A COUPLE who launched a legal challenge against a ban from keeping dogs have cost an animal charity more than £100,000, The Northern Echo can reveal.

County Durham dachshund breeders Frank and Hazel Hill staged an appeal against a decision made by magistrates when they were convicted of welfare charges.

Since the five-year ban was imposed 16 months ago, the RSPCA has spent almost £50,000 on boarding fees and £30,000 on legal costs fighting the challenge.

A similar figure was spent on initially prosecuting them for the what was said to have been poor living conditions at Park Hill Lodge, Spennymoor.

Inspectors took 31 dogs - including dachshunds, an Akita and pugs - from the couple's house in February 2013 because of fears over their welfare.

The animals have since been housed in foster homes - paid for by the RSPCA - and could not be re-homed while the Hills fought their ban and £1,000 fine.

Yesterday (Friday, February 13) at Teesside Crown Court, Recorder Abdul Iqbal, QC, rejected the couple's appeal against three of their convictions and upheld three of them.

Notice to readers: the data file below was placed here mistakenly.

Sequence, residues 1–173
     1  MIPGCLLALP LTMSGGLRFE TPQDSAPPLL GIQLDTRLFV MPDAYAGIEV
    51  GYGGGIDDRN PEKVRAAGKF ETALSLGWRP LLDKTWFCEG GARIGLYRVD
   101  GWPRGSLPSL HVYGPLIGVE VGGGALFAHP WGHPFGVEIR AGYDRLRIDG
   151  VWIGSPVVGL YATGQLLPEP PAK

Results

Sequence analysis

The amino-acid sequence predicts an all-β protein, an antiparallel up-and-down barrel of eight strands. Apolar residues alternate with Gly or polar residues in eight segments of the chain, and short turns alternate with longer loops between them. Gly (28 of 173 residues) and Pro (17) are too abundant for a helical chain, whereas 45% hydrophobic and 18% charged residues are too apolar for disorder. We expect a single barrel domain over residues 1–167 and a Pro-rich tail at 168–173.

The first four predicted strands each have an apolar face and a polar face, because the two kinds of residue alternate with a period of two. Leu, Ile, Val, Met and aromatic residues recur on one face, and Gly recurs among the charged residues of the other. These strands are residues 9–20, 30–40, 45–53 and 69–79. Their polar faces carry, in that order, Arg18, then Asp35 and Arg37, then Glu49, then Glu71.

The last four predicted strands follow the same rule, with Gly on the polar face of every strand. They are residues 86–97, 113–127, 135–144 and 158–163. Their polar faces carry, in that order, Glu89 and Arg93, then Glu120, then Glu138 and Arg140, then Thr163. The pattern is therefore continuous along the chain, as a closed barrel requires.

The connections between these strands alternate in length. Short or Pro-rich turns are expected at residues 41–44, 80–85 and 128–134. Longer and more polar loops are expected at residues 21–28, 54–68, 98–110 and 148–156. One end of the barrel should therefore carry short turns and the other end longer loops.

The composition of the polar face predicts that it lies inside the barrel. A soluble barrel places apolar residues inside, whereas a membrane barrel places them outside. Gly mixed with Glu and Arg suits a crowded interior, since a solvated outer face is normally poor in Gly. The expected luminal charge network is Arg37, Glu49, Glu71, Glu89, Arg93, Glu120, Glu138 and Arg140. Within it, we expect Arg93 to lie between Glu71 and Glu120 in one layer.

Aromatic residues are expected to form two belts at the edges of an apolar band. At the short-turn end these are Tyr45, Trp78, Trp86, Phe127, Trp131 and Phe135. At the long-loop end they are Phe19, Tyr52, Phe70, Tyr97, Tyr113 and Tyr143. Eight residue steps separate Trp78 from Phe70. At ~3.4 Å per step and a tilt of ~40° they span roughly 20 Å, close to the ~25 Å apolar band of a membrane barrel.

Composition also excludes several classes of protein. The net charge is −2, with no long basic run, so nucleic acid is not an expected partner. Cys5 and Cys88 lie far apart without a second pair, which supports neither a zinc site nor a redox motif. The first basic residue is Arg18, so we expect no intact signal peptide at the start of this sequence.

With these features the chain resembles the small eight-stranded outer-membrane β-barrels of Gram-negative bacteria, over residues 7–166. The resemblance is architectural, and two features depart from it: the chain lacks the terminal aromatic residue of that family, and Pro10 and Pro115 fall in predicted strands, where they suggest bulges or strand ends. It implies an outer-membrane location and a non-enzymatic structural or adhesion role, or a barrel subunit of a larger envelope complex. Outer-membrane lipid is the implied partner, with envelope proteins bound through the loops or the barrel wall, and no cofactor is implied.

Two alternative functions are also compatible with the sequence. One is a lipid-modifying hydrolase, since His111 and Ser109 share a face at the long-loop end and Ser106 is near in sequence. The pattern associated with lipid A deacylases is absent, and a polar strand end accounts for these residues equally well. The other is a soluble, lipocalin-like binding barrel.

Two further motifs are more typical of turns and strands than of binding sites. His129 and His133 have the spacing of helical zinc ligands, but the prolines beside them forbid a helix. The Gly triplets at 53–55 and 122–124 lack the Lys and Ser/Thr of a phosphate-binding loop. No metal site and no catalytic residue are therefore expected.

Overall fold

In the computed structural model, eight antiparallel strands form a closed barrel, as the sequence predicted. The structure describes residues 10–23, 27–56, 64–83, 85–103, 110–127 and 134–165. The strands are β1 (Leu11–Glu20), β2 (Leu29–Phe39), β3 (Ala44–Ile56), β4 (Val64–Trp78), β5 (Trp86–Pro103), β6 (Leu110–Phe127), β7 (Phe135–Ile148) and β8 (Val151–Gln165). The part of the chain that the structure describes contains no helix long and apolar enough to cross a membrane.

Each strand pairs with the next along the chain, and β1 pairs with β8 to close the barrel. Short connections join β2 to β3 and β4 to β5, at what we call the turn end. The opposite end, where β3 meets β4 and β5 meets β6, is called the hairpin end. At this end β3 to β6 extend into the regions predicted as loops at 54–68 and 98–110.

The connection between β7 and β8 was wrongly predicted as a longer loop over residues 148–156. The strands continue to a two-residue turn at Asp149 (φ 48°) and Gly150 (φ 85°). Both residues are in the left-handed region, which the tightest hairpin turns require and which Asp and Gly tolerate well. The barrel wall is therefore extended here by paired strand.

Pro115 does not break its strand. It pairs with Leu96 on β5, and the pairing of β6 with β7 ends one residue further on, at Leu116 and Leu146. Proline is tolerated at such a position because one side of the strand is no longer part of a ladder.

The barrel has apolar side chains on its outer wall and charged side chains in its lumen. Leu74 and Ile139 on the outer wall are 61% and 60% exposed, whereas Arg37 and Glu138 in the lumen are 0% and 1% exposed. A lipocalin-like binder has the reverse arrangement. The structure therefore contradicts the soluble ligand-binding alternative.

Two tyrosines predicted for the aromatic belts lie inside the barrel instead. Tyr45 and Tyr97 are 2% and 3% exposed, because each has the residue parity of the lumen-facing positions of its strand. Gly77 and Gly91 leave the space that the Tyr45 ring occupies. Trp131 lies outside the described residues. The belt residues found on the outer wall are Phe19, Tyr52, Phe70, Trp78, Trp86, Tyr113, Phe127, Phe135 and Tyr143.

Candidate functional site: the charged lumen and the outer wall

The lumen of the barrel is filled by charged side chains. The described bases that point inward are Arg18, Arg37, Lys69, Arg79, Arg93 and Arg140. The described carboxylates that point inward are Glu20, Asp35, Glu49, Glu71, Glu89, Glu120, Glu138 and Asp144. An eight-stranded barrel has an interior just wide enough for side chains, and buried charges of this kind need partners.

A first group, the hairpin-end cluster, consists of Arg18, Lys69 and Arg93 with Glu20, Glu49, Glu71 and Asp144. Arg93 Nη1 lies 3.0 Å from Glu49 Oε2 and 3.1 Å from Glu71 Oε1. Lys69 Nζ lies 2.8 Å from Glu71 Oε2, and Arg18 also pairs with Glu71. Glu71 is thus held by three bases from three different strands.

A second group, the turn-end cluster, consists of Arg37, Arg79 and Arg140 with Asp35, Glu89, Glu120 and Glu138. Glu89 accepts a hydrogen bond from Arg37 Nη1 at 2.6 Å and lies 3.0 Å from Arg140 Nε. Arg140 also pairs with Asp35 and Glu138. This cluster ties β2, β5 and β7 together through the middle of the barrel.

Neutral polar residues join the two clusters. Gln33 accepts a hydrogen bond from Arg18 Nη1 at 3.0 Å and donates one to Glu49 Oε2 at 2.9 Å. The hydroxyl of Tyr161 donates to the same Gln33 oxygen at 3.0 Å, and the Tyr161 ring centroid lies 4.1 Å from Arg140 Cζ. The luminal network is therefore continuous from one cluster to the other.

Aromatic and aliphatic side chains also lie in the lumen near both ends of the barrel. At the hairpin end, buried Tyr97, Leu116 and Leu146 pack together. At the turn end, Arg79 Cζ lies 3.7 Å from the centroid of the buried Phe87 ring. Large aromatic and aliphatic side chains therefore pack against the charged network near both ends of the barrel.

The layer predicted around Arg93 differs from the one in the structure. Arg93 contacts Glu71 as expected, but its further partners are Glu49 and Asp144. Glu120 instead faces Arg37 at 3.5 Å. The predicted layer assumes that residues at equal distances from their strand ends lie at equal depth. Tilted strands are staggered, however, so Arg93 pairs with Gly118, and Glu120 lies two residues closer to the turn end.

The judge is now seeking money from the couple towards the bill, but was told by defence barrister Sara-Lise Howe that they have no available funds.

She told the court that the Hills have gone into debt and spent their funeral plans on their own legal fees, and have no equity in their home.

The case is expected to return to court next month when Mr Recorder Aqbal wants proof of the couple's finances and a schedule of the RSPCA costs.

The Hills challenged their six convictions after they were found guilty of causing unnecessary suffering to animals following a trial in October 2013.

Magistrates convicted Mr Hill, 62, of five charges of causing unnecessary suffering, and his wife, 70, of three as well as failing to ensure an animal’s welfare.

They were banned from owning dogs for five years, Mr Hill was fined £1,000, and the court ruled the dogs removed by the RSPCA will not be returned.

Mr Recorder Iqbal said in his ruling yesterday: "They sought to look after their animals to the best of their ability and they had a strong emotional attachment.

"We have not found they acted in any cruel way. The health of some animals is not criticised, so they were being satisfactorily looked after."

The convictions relating to eye and ear infections in a number of dogs were also quashed, but those concerning a balanced diet and dental care were upheld.

The court heard that some animals were "skin and bones" while nine dogs had to have teeth extracted - in total 86 and in the worst single case 20.

The couple were each fined £165 and the five-year ban will remain in place - although an application to have it overturned can be made after three.